Escobedo’s examination of how Mexican American women created a normalized image of a Mexican family is also a valuable contribution to her study of World War II society. Many Mexican women who identified as mothers were idealized for their patriotic contribution to the war effort. Furthermore, Escobedo found that Mexican mothers were seen “as the primary nurturer[s] and caregiver[s] of the second generation,” who "alone held the key to producing citizens that would ultimately adopt American values and customs, and thereby lessen the prospect of future interracial tensions” (p. 61). Many Mexican women also sought the help of federal government agencies, such as the Committee on Fair Employment Practice, to further their engagement with inclusion and respectability in their communities.
Some women of Mexican descent sought employment in defense factories for personal satisfaction, better pay, clean work spaces, and steady hours. Many of the women interviewed worked at the Douglas Aircraft Company and Lockheed Martin in south Los Angeles. Escobedo maintains that working in defense factories became a life-changing event for these women. Some found an opportunity to take charge of their previously sheltered life. Others broke down gender barriers and demonstrated confidence and social autonomy in their environs. Several Mexican and Mexican American women worked in factories that constructed bombers, punch presses, and rivet guns, and assembled aircraft. Defense factories, Escobedo argues, helped bridge the racial gap. African American, Mexican, Mexican American, and Anglo women all worked together, thereby breaking down the racial division of labor.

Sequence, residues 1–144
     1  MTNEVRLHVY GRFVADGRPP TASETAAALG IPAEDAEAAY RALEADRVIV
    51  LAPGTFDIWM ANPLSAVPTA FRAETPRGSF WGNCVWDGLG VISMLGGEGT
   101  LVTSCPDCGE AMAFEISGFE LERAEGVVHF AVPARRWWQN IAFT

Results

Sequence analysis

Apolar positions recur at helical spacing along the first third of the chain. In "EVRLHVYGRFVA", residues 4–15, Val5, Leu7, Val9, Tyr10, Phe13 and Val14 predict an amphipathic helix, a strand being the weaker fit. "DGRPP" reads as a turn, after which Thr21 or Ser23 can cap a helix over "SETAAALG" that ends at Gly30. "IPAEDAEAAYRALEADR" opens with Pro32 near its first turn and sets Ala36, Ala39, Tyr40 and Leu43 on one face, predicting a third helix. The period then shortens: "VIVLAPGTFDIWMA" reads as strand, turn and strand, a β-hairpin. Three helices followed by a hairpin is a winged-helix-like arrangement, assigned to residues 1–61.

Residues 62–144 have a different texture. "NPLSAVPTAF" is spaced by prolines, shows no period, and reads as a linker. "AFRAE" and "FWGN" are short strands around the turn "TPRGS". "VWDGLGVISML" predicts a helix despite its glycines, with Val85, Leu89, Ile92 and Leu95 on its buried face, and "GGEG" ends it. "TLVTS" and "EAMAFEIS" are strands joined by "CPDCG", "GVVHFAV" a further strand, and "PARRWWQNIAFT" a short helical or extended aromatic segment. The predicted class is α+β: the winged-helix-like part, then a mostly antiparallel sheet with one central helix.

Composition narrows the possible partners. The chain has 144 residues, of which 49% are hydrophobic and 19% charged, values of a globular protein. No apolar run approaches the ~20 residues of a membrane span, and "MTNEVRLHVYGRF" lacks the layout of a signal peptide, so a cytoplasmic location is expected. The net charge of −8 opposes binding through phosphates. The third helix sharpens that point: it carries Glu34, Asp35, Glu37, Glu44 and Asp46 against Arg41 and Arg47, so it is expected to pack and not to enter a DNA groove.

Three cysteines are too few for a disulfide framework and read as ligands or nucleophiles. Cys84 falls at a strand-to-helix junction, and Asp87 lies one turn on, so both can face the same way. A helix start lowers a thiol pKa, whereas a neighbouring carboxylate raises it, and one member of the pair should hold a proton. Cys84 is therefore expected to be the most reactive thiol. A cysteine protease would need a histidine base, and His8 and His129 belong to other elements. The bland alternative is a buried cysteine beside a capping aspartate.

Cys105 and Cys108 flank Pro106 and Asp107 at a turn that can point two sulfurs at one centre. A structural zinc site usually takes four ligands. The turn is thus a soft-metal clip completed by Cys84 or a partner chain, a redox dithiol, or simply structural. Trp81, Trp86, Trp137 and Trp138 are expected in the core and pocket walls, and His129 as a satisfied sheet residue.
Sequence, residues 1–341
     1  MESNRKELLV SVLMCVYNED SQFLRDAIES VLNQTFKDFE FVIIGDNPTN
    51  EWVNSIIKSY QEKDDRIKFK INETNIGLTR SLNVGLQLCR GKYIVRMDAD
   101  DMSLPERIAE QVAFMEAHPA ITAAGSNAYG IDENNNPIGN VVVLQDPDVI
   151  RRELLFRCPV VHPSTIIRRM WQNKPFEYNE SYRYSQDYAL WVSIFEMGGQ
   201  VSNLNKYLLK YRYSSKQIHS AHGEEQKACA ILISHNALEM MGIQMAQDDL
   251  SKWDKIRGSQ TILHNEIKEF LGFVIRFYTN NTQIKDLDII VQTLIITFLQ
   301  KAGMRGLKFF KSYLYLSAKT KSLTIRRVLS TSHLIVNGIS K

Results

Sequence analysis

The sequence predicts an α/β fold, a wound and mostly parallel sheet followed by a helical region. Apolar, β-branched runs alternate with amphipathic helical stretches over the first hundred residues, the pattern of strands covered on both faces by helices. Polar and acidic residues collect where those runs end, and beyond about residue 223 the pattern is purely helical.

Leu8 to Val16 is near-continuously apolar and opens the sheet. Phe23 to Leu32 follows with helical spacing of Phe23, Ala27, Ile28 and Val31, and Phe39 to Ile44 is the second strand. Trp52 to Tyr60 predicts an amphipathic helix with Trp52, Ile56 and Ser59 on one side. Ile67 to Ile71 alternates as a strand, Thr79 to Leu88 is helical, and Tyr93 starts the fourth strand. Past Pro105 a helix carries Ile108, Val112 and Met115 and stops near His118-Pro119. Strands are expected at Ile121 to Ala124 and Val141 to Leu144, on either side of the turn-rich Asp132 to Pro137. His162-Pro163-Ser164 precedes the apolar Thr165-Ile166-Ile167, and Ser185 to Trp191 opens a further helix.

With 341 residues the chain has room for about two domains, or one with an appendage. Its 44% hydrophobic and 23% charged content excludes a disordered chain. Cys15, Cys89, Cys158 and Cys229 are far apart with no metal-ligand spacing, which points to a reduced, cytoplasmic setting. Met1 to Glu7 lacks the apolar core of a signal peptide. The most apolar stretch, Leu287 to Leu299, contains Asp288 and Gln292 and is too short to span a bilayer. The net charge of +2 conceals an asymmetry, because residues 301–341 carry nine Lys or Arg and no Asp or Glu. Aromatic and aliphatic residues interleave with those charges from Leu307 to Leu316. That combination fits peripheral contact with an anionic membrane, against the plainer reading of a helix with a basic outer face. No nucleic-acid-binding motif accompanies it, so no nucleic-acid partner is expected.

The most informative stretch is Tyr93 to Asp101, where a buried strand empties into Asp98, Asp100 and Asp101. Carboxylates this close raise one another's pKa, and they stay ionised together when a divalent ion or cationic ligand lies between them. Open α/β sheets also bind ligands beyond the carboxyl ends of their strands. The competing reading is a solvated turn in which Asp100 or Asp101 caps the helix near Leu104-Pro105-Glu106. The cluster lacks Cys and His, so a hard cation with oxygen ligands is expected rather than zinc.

From Coveralls to Zoot Suits is a significant contribution that has recovered the experiences of Mexican and Mexican American women during World War II. Escobedo skillfully highlights how important it was for women of Mexican descent to showcase their heritage and identity as active participants in the wartime effort. Mexican and Mexican American women created a blended identity that embraced Mexican ideals about heritage and culture, as well as American loyalty and patriotism. Escobedo proves that these women were integral historical actors who shaped the World War II era and who helped redefine notions of what it meant to be an American during and after the war. Escobedo’s monograph should inspire other scholars to explore the participation of women of Mexican descent in the military as well.
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Citation: Tiffany J. González. Review of Escobedo, Elizabeth R., From Coveralls to Zoot Suits: The Lives of Mexican American Women on the World War II Home Front. H-SAWH, H-Net Reviews. January, 2015. URL: http://www.h-net.org/reviews/showrev.php?id=42439This work is licensed under a Creative Commons Attribution-Noncommercial-No Derivative Works 3.0 United States License.